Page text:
Yu zuan Chun qiu zhi jie [Direct Explanations to the “Spring and Autumn Annals,” Compiled by the Emperor].
Eight vols. 8vo, later wrappers, orig. block-printed title labels on upper covers, new stitching, heads & tails of spines covered in blue silk (a few worn). [China]: Preface dated 1758.
A commentary, nominally by the Qianlong emperor (1711-99, reigned 1735-96), of the Spring and Autumn Annals, one of the Confucian classics. The commentary rejects a previously current interpretation of the Annals in favor of a reading favorable to the Manchu monarchy.
The Spring and Autumn Annals is a very terse and apparently entirely documentary account of events involving the state of Lu in Chinese antiquity. It covers the period 722-481 BCE. The importance of the text in the Chinese intellectual tradition stems from its association with Confucius, who was from Lu (in present-day Shandong) and was said to have written the chronicle. Several commentaries were written to the chronicle or associated with it, and later scholars produced their own editions that used these commentaries selectively. One such version was authored by Hu Anguo (1074-1138 CE). Written in the Song period, when China was in a losing conflict with Inner Asian states on its northern border, Hu’s commentary stressed the irreconcilability between Chinese civilization and the “barbarians” surrounding it. The two had been kept separate in the period covered by the Annals, according to Hu, but they had since “mingled to the detriment of both.” The Song empire eventually lost its northern half to the Jurchen, one of the neighboring non-Chinese peoples. The remaining southern rump-state fell to the Mongols in 1279.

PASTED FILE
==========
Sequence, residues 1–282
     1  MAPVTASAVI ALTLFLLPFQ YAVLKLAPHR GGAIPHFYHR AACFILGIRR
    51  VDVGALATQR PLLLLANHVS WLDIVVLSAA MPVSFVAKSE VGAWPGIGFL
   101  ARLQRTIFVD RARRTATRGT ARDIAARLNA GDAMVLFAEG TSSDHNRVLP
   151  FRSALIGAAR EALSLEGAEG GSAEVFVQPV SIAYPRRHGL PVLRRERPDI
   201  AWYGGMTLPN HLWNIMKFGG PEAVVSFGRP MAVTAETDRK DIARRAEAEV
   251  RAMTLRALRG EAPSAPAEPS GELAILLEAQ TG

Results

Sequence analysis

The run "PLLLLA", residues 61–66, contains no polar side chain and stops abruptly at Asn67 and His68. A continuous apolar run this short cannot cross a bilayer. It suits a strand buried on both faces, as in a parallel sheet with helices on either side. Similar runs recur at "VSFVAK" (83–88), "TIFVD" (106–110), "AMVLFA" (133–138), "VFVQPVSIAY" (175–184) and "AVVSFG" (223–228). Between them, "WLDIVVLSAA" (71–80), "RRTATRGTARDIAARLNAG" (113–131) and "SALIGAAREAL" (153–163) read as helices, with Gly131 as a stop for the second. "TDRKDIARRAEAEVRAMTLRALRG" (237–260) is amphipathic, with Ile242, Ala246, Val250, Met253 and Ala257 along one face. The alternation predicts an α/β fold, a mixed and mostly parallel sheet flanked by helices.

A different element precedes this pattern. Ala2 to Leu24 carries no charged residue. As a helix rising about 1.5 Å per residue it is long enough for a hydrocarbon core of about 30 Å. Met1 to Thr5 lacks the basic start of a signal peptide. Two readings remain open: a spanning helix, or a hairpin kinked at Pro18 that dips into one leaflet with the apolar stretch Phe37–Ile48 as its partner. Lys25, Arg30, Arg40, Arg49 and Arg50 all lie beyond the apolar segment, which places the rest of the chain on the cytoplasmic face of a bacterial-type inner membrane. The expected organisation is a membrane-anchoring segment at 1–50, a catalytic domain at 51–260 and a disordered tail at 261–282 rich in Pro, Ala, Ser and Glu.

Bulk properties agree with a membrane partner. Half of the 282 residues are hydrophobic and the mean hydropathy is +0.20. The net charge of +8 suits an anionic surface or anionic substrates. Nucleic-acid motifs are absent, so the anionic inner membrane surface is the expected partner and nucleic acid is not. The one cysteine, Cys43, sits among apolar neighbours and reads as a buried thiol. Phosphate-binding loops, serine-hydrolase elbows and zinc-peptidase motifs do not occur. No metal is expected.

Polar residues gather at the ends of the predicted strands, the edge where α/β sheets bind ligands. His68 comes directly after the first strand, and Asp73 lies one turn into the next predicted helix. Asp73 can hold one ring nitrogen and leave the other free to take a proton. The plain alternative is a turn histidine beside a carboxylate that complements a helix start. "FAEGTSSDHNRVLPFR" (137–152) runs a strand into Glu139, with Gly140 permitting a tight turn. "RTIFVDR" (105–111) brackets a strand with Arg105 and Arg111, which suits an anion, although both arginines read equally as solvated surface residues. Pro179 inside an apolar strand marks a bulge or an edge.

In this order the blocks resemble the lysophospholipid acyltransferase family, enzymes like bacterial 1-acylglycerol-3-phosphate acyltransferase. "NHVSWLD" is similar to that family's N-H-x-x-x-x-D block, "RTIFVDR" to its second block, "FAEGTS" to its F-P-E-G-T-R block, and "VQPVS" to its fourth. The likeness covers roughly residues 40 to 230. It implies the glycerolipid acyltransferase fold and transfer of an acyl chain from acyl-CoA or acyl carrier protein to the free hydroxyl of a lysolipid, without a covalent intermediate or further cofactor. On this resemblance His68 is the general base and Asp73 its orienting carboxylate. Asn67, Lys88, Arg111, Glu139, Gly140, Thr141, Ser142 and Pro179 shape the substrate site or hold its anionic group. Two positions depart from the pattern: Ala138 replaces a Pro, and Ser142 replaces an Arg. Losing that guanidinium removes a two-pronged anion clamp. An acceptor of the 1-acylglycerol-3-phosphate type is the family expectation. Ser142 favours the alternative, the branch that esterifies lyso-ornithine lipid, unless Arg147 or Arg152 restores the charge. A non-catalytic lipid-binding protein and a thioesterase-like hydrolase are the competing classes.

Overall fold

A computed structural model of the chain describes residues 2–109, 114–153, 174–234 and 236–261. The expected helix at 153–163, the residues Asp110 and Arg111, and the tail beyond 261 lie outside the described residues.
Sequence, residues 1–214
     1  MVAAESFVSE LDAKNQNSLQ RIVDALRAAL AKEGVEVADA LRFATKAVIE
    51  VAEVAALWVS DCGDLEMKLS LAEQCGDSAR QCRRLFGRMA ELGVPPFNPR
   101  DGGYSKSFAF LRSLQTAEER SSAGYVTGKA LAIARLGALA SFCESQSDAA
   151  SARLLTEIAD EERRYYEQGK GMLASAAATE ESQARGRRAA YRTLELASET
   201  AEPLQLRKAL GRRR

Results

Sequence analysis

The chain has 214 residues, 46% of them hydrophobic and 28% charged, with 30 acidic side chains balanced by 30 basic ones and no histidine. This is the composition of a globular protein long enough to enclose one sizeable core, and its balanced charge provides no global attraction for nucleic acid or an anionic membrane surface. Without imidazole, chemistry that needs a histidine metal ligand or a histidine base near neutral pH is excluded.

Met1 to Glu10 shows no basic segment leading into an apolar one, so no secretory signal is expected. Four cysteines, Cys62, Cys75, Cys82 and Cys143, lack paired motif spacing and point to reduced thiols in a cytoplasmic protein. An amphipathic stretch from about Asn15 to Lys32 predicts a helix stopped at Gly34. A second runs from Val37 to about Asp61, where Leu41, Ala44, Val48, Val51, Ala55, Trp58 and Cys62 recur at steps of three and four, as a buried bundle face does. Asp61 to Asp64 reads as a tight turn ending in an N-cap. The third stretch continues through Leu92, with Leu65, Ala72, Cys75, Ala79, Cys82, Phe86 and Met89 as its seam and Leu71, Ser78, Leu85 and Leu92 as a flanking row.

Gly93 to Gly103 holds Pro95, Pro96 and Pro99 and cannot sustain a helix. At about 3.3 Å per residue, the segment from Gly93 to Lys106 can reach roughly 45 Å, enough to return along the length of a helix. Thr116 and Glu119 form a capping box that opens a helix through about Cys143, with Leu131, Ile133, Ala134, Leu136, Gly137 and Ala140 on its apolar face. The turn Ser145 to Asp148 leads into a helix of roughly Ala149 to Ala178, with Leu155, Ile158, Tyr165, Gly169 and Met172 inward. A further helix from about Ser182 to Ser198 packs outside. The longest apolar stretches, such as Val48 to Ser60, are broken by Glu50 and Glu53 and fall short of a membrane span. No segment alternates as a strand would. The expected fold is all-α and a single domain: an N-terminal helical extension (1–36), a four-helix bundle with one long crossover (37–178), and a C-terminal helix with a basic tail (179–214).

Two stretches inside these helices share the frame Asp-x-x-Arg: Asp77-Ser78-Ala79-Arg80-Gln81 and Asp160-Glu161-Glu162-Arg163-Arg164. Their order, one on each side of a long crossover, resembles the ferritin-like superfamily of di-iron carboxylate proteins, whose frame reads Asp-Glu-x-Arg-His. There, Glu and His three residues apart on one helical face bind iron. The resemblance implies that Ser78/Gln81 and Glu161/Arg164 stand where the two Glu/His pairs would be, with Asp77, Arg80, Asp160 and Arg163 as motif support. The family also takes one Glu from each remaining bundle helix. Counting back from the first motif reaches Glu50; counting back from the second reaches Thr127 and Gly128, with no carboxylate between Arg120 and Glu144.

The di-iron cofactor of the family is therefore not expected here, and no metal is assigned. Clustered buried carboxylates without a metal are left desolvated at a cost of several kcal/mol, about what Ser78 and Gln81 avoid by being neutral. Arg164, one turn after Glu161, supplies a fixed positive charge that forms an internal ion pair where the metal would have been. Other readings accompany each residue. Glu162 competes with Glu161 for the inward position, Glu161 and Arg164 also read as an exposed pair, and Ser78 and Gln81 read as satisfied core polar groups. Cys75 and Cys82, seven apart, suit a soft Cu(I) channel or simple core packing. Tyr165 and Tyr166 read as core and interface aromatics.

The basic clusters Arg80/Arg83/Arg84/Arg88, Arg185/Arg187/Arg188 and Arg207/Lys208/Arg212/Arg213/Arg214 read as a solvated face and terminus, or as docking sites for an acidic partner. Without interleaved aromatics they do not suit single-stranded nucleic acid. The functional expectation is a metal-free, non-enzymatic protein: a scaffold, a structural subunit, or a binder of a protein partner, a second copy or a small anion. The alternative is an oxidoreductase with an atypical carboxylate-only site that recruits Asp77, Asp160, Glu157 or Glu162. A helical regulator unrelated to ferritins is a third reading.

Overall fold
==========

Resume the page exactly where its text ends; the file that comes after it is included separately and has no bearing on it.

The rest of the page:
The Qing empire of the Qianlong emperor was ruled by Manchus. They were descendants of the Jurchen, and their empire relied to a large extent on collaboration with the Mongols. Yet the Qing empire also presented itself as a Confucian polity. As one of the Confucian classics, the Annals remained a highly charged text, as was Hu Anguo's commentary to it. The mid-Qing emperors sought to strengthen the court’s prerogative to interpret the classics, and by the 1770s, 19 imperial editions of the various classics had been produced at court.
The discourse surrounding China and its neighbors was sensitive in the period, and it evolved over time, as the Qing state sought supremacy in Inner Asia. That goal appeared close to being attained toward the end of the 1750s, when the Direct Explanations to the “Spring and Autumn Annals,” compiled by the emperor, was published. In the book, the Qianlong emperor — ostensibly to get closer to the original text by removing later, erroneous layers of commentary — departed from Hu Anguo’s interpretation to introduce his own, or one produced in collaboration with his officials. Not only did Qianlong reject Hu Anguo’s xenophobic discourse, he also replaced Hu’s Neo-Confucian identification of “Heaven” (tian), as a universal “principle” (li) underlying all things, with a reading in which “Heaven” was coterminous, rather, with the “king” (wang). A reflection of the confidence of the Qing empire at the height of its power, this reading elevated the monarchy and made its actions more difficult to criticize.
The imperial preface is printed in the calligraphy of Yu Minzhong (1714-79), a highly placed Chinese civil official. Several pages carry a seal on which the first three characters are Longmen xian, the name of a county in the metropolitan district that surrounded Beijing in the Qing period (we have been unable to read the remaining characters). A reader has added punctuation in black ink.
A fine set, preserved in a hantao. A few natural paper flaws to the text. With thanks to Prof. Marten Soderblom Saarela of the Institute of Modern History, Academia Sinica, Taiwan.
❧ Mark C. Elliott, Emperor Qianlong. Son of Heaven, Man of the World (Longman: 2009), pp. 76-77.
Item ID: 8811